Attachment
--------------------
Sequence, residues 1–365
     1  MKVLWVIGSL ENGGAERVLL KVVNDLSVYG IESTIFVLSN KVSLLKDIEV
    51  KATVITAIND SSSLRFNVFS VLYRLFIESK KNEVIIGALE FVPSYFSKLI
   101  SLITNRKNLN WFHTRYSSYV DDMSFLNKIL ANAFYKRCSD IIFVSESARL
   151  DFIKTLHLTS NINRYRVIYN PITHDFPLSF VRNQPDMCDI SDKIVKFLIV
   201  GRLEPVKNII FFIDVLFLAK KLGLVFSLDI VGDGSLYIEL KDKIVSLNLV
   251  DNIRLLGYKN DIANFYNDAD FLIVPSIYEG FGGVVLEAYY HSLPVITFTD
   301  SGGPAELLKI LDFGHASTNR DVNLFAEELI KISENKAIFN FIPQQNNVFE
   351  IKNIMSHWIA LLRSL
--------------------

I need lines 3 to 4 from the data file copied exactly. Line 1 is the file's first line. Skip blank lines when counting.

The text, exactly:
    51  KATVITAIND SSSLRFNVFS VLYRLFIESK KNEVIIGALE FVPSYFSKLI
   101  SLITNRKNLN WFHTRYSSYV DDMSFLNKIL ANAFYKRCSD IIFVSESARL